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Quantified Strains and Electron Backscatter Diffraction (EBSD) on Quartz Fabrics in the Seine Metaconglomerates

T. N. Anderson and D. M. Czeck
Department of Geosciences, University of Wisconsin-Milwaukee, P.O. Box 413, Milwaukee, WI 53201; [email protected], [email protected]

Several studies have documented quartz fabrics in the field and in the lab. However, none of these studies have focused on deformation under natural conditions where detailed three-dimensional strain was quantified and where deformation mechanisms were evaluated. In our study, we link quartz shape and crystallographic fabrics within deformed metaconglomerates across a quantified strain gradient. We used previously calculated strains on the Seine Metaconglomerates from the Rainy Lake region in northwestern Ontario as a framework for our fabric analysis. We utilized petrographic and Electron Backscattered Diffraction (EBSD) techniques to document quartz grain fabrics throughout the region.

We collected oriented quartzite clasts and quartz veins from several locations with different strain magnitudes. Thin sections were made from the samples. Microstructural observations indicate that quartzite clasts and quartz veins deformed by dislocation creep with subgrain formation and recrystallization recovery mechanisms.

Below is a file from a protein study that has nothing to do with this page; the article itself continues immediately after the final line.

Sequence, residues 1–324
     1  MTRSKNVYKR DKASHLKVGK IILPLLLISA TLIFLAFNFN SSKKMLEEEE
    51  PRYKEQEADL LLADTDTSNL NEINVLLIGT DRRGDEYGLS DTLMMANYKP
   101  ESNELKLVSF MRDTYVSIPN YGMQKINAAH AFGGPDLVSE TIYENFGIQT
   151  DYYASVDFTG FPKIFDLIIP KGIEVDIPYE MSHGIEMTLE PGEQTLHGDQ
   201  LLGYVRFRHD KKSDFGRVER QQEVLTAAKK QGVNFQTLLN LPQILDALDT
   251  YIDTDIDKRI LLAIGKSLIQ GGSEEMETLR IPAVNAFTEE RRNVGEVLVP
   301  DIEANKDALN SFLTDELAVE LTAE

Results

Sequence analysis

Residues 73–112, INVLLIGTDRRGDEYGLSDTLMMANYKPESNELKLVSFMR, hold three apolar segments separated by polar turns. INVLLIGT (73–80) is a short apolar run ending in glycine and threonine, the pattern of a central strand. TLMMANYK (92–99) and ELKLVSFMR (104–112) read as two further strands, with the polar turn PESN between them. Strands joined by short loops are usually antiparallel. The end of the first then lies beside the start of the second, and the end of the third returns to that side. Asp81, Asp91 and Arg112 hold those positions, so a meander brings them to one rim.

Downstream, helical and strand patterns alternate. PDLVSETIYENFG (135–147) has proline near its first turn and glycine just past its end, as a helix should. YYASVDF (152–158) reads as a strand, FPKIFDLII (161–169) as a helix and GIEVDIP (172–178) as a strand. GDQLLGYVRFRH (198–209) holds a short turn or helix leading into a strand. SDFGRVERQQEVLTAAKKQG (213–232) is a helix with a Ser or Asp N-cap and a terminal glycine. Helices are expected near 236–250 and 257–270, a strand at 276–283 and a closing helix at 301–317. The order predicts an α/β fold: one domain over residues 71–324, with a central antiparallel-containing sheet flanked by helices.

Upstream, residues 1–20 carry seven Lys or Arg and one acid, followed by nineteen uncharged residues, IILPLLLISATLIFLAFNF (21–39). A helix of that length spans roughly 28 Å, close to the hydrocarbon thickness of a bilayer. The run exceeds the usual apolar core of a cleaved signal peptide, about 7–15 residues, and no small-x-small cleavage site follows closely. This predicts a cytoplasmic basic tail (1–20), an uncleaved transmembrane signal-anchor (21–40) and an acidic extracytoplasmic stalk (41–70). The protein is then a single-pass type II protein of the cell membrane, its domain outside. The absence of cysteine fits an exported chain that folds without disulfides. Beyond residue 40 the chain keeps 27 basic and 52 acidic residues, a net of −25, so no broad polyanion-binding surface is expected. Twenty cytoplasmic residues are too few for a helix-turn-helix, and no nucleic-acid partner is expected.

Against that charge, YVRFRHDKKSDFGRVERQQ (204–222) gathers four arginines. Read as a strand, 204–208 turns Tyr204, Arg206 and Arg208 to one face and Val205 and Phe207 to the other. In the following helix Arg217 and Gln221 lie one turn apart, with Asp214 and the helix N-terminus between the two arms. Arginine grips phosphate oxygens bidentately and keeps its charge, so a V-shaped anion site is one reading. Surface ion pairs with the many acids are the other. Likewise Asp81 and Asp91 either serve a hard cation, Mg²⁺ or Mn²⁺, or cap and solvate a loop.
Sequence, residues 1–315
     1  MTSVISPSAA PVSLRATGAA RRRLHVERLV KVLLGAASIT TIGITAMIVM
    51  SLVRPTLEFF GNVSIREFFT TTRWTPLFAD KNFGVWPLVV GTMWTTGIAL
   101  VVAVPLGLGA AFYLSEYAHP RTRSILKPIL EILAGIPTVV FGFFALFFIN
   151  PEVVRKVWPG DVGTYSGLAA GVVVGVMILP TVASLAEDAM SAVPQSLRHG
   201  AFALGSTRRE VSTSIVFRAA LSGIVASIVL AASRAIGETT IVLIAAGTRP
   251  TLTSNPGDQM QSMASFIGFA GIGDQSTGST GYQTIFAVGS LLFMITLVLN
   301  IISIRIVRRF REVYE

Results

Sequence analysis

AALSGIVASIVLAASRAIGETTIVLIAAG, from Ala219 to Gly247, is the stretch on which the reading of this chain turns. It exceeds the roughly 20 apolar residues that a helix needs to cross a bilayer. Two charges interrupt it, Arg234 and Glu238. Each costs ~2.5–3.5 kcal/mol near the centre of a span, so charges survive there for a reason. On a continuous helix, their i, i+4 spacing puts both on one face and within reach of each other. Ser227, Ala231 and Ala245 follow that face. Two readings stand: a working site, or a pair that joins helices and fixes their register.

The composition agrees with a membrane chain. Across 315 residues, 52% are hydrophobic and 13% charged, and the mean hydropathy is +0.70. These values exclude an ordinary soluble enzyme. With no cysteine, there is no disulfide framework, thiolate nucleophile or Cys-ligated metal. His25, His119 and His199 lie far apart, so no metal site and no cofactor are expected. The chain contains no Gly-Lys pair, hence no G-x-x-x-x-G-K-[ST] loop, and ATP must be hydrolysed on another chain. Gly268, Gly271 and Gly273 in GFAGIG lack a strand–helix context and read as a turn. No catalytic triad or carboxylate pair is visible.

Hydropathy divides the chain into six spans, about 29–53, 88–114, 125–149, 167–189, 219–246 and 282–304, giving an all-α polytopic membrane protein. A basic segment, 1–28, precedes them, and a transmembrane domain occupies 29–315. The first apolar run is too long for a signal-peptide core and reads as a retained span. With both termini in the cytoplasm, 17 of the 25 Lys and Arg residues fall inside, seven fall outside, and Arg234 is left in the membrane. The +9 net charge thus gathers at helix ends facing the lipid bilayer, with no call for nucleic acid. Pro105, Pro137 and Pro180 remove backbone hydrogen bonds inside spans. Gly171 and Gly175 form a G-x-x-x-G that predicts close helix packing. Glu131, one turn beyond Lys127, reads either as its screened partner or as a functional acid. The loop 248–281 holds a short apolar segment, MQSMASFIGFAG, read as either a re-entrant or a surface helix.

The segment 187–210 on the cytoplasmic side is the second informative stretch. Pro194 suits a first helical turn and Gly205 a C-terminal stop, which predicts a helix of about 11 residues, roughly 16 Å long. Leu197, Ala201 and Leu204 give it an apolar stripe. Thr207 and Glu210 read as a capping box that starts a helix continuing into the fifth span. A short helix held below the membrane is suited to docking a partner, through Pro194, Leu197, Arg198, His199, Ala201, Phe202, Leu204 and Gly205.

Using a SEM-EBSD system and CHANNEL5 software produced by HKL Technology, an automatic map of the thin section was used to determine the crystallographic orientations of quartz grains. The map was constructed to maximize the area analyzed on the thin section with one measurement taken from each grain.

Preliminary results from the EBSD analyses show increased clustering of quartz c-axes crystallographic preferred orientation (CPO) within quartzite clasts with increasing strain magnitudes. Similarly, in most cases, there was an increase in CPO of quartz c-axes within quartz veins when strain magnitudes increased. These observations when taken with the microstructural observations are consistent with deformation by dislocation creep with recovery primarily by recrystallization.

AAPG Search and Discover Article #90087 © 2008 AAPG/SEG Student Expo, Houston, Texas